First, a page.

Toronto council voted unanimously Thursday to give the city's ombudsman the authority to review police procedures and programs.
In a release, Ombudsman Toronto called the move the "biggest change in police oversight in Toronto's recent history."
"This is a groundbreaking step in independent, local police accountability on behalf of the people of Toronto," said Ombudsman Susan Opler.
"It comes at a critically-important time, when public trust in police and policing institutions is low and calls for policing reform echo nationwide."
In an interview with CBC News, Opler said it's sad that public confidence seems to be lacking in the police.. But, she noted, it's that kind of neutrality that makes an ombudsman good for the job.
"The power of an ombudsman is two things: It's the power of persuasion and it's the power of the voice," she said.
Ombudsman Toronto will begin its oversight role after the negotiation of a new memorandum of understanding with the Toronto Police Services Board and the force.
The independent office will make recommendations, such as practical solutions to improve fairness and accountability of the Toronto Police Service (TPS), and will follow up to make sure they are implemented, the release reads.
Ombudsman Toronto says it has already identified several areas that could benefit from its review, such as criminal records checks, the vulnerable persons registry, and programs designed to reach out to at-risk and marginalized communities.
The office says it will make the results of its investigations public to promote transparency and maintain public trust.
To avoid duplicating the work of existing oversight bodies, the release says, "Ombudsman Toronto will not investigate individual complaints about the Toronto Police Service (TPS), or how the TPS handles complaints."
It will also not review the conduct of individual officers and will focus instead on the systemic impacts of TPS procedures and programs to ensure they are fair to the people of Toronto, Opler said.
Deliver 'some substance,' former police board chair says
Alok Mukherjee, the chair of the Toronto Police Services Board from 2005 to 2015, believes there is an "urgent political reason" for the governing body of the police in the city and those who fund it — to do something like this.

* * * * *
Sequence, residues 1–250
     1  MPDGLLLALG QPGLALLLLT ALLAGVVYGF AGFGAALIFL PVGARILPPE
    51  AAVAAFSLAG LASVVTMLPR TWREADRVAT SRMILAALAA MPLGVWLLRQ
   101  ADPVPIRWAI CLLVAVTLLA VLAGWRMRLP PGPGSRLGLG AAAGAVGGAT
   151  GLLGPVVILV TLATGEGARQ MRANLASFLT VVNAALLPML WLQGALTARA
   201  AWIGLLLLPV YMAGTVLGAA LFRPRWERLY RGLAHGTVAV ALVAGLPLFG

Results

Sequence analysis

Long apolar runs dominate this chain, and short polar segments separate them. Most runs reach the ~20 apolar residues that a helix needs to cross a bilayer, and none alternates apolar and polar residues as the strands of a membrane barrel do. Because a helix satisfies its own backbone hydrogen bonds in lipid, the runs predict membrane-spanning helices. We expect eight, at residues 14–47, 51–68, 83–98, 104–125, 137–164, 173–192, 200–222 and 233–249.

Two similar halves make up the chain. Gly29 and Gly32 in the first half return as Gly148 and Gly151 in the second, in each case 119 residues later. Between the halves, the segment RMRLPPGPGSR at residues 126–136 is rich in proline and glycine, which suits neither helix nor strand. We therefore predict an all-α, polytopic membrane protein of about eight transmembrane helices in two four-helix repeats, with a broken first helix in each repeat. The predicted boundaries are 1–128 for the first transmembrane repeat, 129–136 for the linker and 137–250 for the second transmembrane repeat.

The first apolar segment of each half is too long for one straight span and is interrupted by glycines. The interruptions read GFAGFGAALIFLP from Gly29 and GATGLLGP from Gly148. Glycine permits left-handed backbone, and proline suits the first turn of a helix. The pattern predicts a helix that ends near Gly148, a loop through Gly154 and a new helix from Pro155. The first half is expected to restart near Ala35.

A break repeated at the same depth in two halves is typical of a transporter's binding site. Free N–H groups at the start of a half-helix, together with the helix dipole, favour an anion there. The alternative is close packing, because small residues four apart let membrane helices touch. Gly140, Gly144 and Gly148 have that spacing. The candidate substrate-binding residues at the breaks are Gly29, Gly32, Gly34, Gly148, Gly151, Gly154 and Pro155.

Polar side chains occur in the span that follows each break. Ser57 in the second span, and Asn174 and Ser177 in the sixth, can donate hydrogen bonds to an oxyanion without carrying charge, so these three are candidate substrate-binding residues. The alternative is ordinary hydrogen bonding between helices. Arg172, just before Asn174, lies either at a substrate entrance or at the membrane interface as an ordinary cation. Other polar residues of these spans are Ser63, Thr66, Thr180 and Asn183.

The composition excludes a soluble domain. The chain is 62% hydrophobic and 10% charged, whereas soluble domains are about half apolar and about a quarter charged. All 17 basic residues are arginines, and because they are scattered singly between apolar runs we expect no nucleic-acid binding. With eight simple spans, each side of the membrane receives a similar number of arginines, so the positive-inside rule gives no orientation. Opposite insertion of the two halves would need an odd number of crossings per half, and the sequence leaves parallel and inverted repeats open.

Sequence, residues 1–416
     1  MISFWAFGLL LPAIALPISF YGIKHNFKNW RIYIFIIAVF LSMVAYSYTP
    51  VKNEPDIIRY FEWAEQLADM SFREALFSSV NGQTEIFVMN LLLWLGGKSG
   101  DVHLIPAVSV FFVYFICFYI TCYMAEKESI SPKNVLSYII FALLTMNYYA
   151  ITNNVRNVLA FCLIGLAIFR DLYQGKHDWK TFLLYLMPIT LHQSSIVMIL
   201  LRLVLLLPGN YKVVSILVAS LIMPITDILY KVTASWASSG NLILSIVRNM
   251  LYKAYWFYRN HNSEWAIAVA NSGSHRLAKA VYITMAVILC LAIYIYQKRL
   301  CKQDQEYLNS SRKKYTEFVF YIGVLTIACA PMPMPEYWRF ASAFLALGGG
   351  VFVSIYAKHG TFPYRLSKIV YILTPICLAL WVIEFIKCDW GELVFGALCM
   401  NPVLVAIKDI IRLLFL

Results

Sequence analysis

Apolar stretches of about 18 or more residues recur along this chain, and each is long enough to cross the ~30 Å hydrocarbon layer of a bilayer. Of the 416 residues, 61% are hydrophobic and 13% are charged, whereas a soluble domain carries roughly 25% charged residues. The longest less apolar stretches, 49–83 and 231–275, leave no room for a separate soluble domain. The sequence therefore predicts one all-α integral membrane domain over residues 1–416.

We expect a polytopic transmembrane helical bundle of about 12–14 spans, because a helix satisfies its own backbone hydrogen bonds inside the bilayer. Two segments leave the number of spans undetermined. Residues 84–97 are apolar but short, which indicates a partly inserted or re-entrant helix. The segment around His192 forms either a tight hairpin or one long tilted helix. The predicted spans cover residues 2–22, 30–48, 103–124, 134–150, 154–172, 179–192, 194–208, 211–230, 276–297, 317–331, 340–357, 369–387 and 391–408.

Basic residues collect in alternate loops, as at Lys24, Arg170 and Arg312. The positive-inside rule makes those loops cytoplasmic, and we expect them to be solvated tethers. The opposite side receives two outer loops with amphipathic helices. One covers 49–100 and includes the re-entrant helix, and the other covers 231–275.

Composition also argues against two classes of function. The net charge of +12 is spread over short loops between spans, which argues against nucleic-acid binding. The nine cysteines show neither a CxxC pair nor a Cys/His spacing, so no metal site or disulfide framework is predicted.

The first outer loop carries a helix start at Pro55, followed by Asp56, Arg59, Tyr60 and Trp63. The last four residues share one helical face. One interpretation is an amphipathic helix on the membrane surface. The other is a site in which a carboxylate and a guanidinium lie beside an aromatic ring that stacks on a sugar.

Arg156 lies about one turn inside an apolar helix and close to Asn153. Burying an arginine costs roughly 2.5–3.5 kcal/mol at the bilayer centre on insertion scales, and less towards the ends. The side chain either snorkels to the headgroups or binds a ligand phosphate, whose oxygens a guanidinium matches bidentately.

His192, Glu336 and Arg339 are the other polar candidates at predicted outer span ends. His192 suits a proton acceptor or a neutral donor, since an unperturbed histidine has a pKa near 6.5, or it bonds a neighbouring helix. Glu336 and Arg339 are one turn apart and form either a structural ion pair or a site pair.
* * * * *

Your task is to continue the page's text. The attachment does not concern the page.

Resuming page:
He told CBC Toronto he's seen provincial reviews and inquiries come and go, but he's hopeful Ombudsman Toronto, an entity he describes as having a "high degree of credibility" and as being "independent of any political control," will spark change.
But those changes have to stick, he warned.
"I have a great deal of respect for the ombudsman," Mukherjee said.
"I'd just like to make sure that the ombudsman's office does not become part of that elaborate illusion of accountability and delivers some substance."
Ombudsman will enhance transparency, city says
In a statement to CBC News Thursday night, the Toronto mayor's office said this additional oversight function will enhance accountability and transparency in policing and community safety.
"In order to do that successfully, we need an all-hands- on-deck approach. This new partnership with the Ombudsman will help us achieve these goals," said city spokesperson Lawvin Hadisi.
She said the decision builds on the landmark policing reforms the city spearheaded last summer, including the reform to establish an memorandum of understanding between the police board and the auditor general to conduct regular audits of the police service.
"The City along with Council have been hard at work moving forward with police reforms that aim to address the concerns and recommendations brought forward by residents, experts and stakeholders in regards to how we do policing in this city," Hadisi said.
The new police accountability process will be independent of the city, the police board and the force, per the ombudsman's mandate. The office will have full control and discretion over investigations, public reports and recommendations, the release says.
"Ombudsman Toronto's Memorandum of Understanding with the TPS Board and the TPS will clearly define its role and authority to carry out this oversight."
The office will be consulting with the public, including members of Black and Indigenous communities, to better understand their needs and concerns.